The original video said the footage came from the 1930’s. However, Ray Sr. acquired Jackie in the 40’s. From Ray’s age, Jackie’s age and the clothing in the video, I believe this was likely filmed sometime between 1948-52.

Ray Sr. referred to Jackie as a Border Collie. However, as somebody who has been around hundreds of BCs and owns an AKC Champion BC, I believe Jackie is far too small to be a purebred Border Collie. She appears to me to be a mix of Border Collie and Papillon (the two breeds I currently own). Some support for my guess is that deliberate Papillon x Border Collie sport mixes of the 21st century look identical to Jackie in size, color, ear set, coat length, etc.

According to Ray Jr., Jackie learned and performed all these tricks without a single food treat. In most cases, when I hear that dogs don’t get rewards for following cues, I assume they were trained through punitive measures, which I strongly disagree with. But watching these videos, I believe Jackie is in that 1% of dogs who work simply because they love having a job. She probably also received occasional reinforcement in the form of tug games, judging from her ability to swing on a rope. 🙂

Ray Sr. originally trained Jackie to do tricks to entertain kids at his barber shop and keep them from crying or fussing during haircuts. One signature trick was for Jackie to go into a back room and count the kids coming back into the barbershop one at a time. Once they had re-entered the front room, she would bark out how many kids were in the shop. I believe most of this footage was taken on the sidewalk in front of Ray Sr.’s barbershop. Some of the footage in this video also shows Ray & Jackie performing for kids at the playground of Chicago’s Budlong Elementary School, which is still in operation as of 2016. She won 17 first prizes at dog shows, which apparently had a “performance” category not found in shows today. Ray Sr. and Jackie also performed at the iconic Chicago Theater.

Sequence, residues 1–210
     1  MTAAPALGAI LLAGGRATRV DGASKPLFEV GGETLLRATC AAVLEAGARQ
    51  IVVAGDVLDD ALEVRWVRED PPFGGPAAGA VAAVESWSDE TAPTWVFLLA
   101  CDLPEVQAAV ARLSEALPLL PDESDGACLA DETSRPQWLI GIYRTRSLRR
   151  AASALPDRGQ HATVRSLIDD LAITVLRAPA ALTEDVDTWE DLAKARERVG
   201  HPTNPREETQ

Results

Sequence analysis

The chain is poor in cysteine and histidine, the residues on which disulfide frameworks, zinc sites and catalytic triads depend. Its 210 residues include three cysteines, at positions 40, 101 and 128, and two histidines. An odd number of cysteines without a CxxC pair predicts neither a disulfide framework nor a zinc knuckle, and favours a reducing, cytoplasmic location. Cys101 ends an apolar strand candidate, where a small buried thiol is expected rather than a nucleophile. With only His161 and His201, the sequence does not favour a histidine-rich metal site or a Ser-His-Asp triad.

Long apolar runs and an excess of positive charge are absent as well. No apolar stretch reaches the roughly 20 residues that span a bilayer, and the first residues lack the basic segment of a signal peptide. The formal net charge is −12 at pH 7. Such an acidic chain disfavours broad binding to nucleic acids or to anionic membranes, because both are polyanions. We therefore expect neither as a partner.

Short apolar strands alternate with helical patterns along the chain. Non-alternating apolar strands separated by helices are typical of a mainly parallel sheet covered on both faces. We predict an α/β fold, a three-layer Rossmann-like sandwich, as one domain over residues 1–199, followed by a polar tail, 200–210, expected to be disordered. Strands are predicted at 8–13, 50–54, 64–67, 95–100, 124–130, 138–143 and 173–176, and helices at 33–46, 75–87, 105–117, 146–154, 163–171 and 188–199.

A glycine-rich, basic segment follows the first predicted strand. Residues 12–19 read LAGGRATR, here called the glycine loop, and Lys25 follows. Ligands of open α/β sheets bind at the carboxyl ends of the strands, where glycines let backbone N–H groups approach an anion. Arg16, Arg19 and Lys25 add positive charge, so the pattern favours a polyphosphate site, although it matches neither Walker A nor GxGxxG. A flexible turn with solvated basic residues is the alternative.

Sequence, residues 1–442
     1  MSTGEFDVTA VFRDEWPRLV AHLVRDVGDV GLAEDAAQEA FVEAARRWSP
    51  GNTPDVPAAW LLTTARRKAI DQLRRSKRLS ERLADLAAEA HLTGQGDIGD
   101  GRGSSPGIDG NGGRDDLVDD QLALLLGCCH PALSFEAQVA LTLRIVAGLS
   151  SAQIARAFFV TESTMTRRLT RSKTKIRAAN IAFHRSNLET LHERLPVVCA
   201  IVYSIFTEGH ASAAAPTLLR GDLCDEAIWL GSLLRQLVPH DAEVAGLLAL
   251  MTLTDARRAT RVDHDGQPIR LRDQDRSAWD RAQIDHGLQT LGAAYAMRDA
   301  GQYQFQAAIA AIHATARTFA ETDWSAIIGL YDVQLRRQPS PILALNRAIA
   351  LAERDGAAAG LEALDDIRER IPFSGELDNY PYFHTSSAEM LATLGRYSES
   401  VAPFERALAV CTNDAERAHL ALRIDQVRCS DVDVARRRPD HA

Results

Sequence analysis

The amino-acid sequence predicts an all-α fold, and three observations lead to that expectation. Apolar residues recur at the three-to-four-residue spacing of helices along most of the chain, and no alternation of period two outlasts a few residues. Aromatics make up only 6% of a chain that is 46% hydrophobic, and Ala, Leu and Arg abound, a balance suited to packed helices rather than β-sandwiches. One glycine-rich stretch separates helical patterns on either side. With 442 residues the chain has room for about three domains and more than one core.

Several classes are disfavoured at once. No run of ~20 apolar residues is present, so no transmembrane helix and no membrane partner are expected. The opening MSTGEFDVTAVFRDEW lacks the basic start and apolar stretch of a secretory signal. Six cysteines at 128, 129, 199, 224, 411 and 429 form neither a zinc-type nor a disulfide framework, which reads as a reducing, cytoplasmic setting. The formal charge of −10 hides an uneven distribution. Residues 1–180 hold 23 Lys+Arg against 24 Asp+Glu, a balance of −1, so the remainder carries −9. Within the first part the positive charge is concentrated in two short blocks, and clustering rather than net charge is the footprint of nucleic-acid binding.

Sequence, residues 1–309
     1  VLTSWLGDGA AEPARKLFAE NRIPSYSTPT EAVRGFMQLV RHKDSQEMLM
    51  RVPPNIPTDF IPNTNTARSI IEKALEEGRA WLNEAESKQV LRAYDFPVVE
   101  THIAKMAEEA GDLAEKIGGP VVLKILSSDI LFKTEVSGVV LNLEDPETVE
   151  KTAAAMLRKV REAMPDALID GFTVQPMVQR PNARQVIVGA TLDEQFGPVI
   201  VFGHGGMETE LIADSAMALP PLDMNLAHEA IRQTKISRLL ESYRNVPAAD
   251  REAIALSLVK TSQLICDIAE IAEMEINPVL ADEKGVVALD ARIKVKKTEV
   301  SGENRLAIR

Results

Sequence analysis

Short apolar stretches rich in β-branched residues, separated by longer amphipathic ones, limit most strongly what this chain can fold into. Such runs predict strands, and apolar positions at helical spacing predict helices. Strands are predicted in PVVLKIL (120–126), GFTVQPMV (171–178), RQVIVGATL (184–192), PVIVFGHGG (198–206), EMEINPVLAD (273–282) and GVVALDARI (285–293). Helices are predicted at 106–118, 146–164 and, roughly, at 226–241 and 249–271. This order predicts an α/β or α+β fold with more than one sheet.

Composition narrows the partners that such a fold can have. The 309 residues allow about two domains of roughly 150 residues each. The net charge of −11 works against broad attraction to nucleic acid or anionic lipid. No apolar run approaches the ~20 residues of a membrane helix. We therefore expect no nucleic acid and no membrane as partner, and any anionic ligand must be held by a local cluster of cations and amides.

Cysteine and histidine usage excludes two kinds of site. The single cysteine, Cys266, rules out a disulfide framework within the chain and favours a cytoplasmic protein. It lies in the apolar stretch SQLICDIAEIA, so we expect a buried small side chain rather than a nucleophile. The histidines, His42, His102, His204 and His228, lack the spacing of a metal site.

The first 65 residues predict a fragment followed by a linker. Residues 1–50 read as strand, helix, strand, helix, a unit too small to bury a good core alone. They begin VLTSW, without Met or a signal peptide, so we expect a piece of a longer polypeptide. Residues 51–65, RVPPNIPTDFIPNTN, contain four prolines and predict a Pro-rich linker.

chicago-theatre2      chicagotheaterinside

Jackie also did useful tricks at home, including an unexpected one. Ray Jr. tells me that one day, his mother was trying to take a nap, but the light was coming through her door. She jokingly asked Jackie to close the door and—to her surprise—Jackie complied. Ray Sr. admitted he had taught her the trick.

After Jackie passed awcaptureay, Ray Sr. lived another forty years, but never owned another dog.  He remained active throughout his life and, at the age of 80, he was still able to do one-handed pushups. He died at the age of 85.

Ray Sr. left no books, notes or training videos behind. None of his children went on to train dogs. Nothing remains of Ray & Jackie’s trick legacy but this video. Please help keep the memory of this wonderful team alive by sharing this blog post and/or video with your friends on Facebook or elsewhere.

Thank you!

And if you’d like to see the original, unedited version of this video, it is at: https://www.youtube.com/watch?v=a1OW_QTTUM8. You can see lots more boxing footage, an a lot of snuggling and ear-ruffling that I had to remove to shorten the video.